Allie Kaspersetz

15 April 2022

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Home Notes from the Garden

Spring Magnolias

Spring Magnolias

When the weather is favorable, spring often arrives at Greenwood with clouds of soft pink blossoms on our star and saucer magnolias. This year, frigid temperatures literally nipped the emerging magnolias in the bud, preventing the blossoms from opening to their full glory. Even so, the trees themselves are not harmed and we can keep our fingers crossed that next year weather conditions will promote a glorious display of marvelous magnolia flowers.

Named after the French botanist, Pierre Magnol (1638-1715), magnolias were among the first plants on earth to produce flowers pollinated by insects and are thought to have predated bees. There are over 175 varieties of magnolias known worldwide and the three most common species in New Jersey are the saucer, star, and southern magnolias. Greenwood Gardens is home to all three. It is the saucer magnolia, Magnolia x soulangeana, and the star magnolia, M. stellata that provide the spring spectacle. The southern magnolia, M. grandiflora, flowers during the summer months.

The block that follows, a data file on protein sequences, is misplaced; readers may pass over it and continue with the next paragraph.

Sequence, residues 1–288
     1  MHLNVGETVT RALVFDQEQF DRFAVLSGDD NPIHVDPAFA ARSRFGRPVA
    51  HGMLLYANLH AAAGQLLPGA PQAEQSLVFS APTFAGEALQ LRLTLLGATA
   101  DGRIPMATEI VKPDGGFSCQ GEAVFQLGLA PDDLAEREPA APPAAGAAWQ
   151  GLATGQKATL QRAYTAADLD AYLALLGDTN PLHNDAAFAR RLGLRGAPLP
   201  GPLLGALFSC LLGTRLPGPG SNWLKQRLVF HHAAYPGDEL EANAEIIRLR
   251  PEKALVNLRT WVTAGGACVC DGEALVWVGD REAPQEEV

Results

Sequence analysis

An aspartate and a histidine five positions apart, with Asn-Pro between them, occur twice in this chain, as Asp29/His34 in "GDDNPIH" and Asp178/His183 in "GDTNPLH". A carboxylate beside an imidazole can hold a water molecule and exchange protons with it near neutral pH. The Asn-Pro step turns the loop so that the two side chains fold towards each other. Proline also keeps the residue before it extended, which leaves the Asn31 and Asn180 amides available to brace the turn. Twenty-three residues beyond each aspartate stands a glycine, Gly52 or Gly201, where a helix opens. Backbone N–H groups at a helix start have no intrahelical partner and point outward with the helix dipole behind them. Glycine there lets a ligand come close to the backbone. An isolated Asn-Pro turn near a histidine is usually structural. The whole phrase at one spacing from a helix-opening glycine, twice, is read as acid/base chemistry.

The flamboyant, deciduous saucer magnolia, Magnolia x soulangeana grows at the Carriage House and by the Summerhouse. French plantsman Étienne Soulange-Bodin (1774–1846), a retired cavalry officer in Napoleon’s army, is credited with breeding this hybrid and it was quickly embraced by English, European, and North American plant enthusiasts.

Two magnificent, deciduous star magnolias have flourished for many decades between the Teahouse and Cascade. Native to Japan, specimens may be found growing wild in the Ise Bay area of central Honshū, Japan’s largest island.